“Born in Shanghai in 1930, James Ballard came to England with his parents after the war, where he became a boarder at the Leys school in Cambridge; stepping, as he put it, “out of one institution, into another.” After studying medicine at Cambridge, which he dismissed as an “academic theme park”, he studied English at the University of London, before taking on a succession of jobs and writing short fiction in his spare time.
“His first published story, a tale of singing plants called Prima Belladonna, appeared in the magazine Science Fantasy in 1956, the same year as an exhibition at the Whitechapel gallery which marked the birth of pop art. In this and the work of the surrealists such as Max Ernst, René Magritte, Salvador Dali and Paul Delvaux he found the inspiration for what he later called a “fiction for the present day”. The Guardian obit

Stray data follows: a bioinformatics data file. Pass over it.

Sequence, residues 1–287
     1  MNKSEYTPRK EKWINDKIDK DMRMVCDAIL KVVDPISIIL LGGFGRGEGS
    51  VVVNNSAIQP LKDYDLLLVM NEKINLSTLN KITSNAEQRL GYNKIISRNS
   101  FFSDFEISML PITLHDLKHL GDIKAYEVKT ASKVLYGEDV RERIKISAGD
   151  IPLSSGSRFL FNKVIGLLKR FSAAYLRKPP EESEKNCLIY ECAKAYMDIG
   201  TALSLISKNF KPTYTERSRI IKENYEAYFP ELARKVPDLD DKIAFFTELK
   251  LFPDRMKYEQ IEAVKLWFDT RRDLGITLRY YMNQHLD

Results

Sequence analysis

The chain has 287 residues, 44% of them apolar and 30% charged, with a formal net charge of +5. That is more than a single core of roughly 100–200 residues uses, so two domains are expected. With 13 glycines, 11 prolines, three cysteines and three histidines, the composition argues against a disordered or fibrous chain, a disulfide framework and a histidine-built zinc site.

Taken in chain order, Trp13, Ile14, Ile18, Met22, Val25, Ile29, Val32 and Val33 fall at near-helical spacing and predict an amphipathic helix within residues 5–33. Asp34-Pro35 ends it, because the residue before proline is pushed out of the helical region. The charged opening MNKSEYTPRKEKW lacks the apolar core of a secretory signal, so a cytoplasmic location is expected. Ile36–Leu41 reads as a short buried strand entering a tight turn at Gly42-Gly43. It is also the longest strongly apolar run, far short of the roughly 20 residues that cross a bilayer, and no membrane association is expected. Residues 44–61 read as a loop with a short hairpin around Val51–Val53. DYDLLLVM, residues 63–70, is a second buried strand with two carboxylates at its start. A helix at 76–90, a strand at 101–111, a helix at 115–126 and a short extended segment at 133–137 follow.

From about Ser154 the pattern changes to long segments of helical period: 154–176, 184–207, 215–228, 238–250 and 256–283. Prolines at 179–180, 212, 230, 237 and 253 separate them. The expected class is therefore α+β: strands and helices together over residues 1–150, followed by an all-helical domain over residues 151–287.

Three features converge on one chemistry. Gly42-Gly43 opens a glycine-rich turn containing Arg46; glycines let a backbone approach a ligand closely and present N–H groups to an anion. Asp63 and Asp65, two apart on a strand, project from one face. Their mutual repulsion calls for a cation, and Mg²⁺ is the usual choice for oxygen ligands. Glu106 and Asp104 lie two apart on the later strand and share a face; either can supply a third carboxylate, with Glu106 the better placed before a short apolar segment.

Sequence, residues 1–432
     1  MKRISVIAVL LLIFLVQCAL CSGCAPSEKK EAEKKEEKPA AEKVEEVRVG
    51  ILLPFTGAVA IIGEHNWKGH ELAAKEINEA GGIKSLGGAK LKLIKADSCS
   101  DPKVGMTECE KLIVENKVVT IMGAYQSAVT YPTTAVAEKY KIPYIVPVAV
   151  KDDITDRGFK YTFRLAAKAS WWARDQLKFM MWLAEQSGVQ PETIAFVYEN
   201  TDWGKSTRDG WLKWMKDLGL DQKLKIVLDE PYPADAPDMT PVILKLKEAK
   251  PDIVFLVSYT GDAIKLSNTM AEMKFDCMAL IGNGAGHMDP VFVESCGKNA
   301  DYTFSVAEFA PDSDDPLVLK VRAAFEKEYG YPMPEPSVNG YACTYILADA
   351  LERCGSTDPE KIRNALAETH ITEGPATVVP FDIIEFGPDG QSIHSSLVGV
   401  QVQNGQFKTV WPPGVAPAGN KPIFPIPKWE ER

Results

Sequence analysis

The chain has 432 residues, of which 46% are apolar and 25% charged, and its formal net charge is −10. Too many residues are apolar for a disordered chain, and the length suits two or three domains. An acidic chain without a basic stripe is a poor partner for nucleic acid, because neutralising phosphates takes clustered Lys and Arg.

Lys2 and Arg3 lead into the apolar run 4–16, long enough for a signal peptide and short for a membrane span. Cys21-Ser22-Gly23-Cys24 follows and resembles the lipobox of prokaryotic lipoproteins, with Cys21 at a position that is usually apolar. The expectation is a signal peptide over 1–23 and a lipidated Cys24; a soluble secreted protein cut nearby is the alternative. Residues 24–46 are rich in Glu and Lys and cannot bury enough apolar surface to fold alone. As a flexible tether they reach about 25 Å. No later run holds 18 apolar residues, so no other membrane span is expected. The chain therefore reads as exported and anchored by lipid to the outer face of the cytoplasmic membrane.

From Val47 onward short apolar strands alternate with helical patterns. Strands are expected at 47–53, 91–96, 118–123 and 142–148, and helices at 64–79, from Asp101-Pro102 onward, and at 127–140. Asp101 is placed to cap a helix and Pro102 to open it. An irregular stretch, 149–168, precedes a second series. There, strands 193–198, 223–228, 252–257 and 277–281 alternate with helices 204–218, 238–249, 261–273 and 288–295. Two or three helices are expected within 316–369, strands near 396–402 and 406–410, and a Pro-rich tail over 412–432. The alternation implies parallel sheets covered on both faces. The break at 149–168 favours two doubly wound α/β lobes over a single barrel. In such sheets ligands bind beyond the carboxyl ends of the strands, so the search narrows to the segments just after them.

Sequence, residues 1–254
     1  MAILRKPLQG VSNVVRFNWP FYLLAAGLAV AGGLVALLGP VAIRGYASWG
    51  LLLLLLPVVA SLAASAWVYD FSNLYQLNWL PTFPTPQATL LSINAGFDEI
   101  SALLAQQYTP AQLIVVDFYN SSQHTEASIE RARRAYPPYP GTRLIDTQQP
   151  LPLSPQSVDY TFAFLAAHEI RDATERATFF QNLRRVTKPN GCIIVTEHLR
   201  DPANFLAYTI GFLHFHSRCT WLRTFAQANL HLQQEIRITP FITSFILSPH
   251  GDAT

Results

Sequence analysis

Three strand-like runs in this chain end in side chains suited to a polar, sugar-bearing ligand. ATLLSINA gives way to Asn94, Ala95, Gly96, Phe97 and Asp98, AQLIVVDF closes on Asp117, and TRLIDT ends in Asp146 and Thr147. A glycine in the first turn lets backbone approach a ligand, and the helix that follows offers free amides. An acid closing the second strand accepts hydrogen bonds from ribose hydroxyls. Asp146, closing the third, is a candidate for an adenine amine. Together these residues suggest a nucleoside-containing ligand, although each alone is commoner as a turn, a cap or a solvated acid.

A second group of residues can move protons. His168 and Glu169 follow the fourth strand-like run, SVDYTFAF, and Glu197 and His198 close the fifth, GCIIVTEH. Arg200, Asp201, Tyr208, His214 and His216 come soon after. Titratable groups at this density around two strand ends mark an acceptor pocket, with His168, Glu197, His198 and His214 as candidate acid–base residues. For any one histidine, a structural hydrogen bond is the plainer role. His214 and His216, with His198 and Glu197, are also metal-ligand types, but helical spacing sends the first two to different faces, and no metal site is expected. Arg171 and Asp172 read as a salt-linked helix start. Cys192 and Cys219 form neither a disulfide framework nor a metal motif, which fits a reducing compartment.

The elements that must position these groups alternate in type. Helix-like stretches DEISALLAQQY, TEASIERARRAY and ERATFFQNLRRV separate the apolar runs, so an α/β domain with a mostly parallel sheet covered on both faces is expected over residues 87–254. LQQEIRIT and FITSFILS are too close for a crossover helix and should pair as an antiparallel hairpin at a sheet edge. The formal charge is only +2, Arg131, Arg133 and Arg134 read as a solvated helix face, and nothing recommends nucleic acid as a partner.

“[Ballard’s] work embraces dystopian scenarios, including the archetypal non-space often characterised as a deadening feature of late capitalism. But this is not simply a call for nihilism. Ballard’s characters are not disengaged from their world. Rather, they embody a sense of resistance that derives from full immersion, a therapeutic confrontation with the powers of darkness, whereby merging with dystopian alienation negates its power. This is predicated on concurrency: Ballard’s writing turns objectivity into subjectivity, opens up gaps where there is room for new subjects. His scenarios are what I term ‘affirmative dystopias’, neither straight utopia nor straight dystopia, but an occupant of the interstitial space between them, perpetual oscillation between the poles – the ‘yes or no of the borderzone’, to use a phrase from his work…” Ballardian.com